Chinese ambitious multi trillion dollar Belt & Road Initiative (BRI), the largest infrastructure development scheme in history aimed at improving investments in transportation, communication & energy networks across 70 Countries continues to stimulate concerns among environmentalists over the potential devastating impact it may have on the environment.

Particularly venerable is the Southeast Asia region, a global biodiversity hotspot and a focus area of BRI development, where many of BRI’s major corridors pass through ecologically sensitive areas. These projects pose a serious threat to animal habitat and wildlife, while also harm the indigenous people and local communities that depend on them.

According to an early World Wildlife Fund (WWF) report, there will be considerable overlap between BRI projects and sensitive environments. As many as 1,739 Important Bird Areas and Key Biodiversity Areas at risk of harm were identified using data from international organisations.

Over 265 threatened species could be adversely affected including endangered tiger species and the critically endangered saiga antelope.

One particular example is the proposed construction of a dam on the island of Sumatra in Indonesia, which according to environmentalists is a threat to the orangutans and jungle of the highly diverse Batang Toru ecosystem.

Prominent professors and environmental activists had written to the President of Indonesia in July of 2018 urging him to cancel the project.

A similar hydroelectric dam project in northern Myanmar has been stalled since 2011.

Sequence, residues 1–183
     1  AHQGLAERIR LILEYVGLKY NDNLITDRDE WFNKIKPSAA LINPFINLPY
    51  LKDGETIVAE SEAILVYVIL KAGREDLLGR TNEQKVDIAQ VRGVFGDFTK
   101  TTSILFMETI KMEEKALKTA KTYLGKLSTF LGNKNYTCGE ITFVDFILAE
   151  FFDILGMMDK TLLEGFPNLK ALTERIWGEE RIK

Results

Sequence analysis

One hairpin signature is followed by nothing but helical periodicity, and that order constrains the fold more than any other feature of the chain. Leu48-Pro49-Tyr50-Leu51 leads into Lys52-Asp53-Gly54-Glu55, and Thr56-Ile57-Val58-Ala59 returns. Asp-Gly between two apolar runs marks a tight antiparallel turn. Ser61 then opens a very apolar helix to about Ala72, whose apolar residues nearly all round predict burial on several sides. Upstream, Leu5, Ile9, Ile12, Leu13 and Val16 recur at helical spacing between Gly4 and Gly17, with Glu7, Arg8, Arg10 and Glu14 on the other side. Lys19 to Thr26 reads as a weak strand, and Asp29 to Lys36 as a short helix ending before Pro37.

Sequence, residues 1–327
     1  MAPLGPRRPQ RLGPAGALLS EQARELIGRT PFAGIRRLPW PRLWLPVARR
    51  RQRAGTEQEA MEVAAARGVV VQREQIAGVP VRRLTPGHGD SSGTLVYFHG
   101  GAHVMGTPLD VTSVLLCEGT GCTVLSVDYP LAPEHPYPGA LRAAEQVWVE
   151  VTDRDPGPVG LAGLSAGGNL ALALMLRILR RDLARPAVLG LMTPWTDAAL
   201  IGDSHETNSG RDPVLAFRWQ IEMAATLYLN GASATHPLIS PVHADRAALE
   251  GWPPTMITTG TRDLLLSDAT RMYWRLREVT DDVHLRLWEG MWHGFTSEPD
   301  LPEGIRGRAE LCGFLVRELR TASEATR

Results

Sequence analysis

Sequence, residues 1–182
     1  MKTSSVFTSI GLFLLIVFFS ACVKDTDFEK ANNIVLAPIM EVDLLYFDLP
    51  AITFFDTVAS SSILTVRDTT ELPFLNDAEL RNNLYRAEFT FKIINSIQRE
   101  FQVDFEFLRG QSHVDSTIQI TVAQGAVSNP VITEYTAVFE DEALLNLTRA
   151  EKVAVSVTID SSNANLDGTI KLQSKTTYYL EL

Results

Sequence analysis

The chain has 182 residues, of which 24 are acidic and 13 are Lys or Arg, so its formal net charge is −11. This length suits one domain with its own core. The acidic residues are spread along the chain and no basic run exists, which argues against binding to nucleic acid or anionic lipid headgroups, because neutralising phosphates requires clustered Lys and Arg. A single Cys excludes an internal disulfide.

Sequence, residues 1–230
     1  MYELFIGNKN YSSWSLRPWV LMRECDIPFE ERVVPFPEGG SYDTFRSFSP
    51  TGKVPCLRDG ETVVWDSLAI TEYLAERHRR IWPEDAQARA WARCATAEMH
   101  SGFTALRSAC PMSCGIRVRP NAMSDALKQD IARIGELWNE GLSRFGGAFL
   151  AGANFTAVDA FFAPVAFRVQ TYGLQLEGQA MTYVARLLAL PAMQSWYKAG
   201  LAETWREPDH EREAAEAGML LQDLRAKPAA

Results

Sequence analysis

Chinese-backed hydropower projects along the Mekong River – which spans Cambodia, Lao PDR, Myanmar, Thailand and Vietnam – have seen dams cause river flow changes and block fish migration, leading to a loss of livelihood for communities there which live-off the river.

Increasing access to undeveloped areas of forest is also expected to increase the likelihood of poaching and deforestation in those areas.

Apart from the loss of flora and fauna, deforestation in areas such as the Pan Borneo Highway, which spans Malaysia, Indonesia and Brunei is also expected to cause landslides, floods etc. to occur frequently.

Despite call for a “green, healthy, intelligent, and peaceful” Silk Road by Chinese President Xi Jinping, Beijing has continued to invest in fossil fuel energy projects across the region.

According to a study, fossil fuel investments between 2014 and 2017 accounted for 91 per cent of energy-sector syndicated loans by the six major Chinese banks and 61 per cent of energy-sector loans financed entirely by the state-backed China Development Bank or China Exim bank.

Investment into coal projects has substantially risen in Indonesia and the Philippines, while large hydropower plant projects in Myanmar and Laos are threatening regional ecosystems by diverting the course Irrawaddy and the Mekong rivers.

In addition, investments in infrastructure would also result in increased pollution, including greenhouse gases and waste.

Despite the Chinese government ministries releasing a series of “green papers” outlining lofty environmental and social guidelines for China’s overseas ventures and corporations, critics have slammed the same for being weak and lacking free prior and informed consent and consultation with local rights holders.

Concerns are also being raised that some Chinese firms may purportedly misrepresent the feasibility or sustainability of infrastructure projects in countries where weak institutions and bad governance prevail.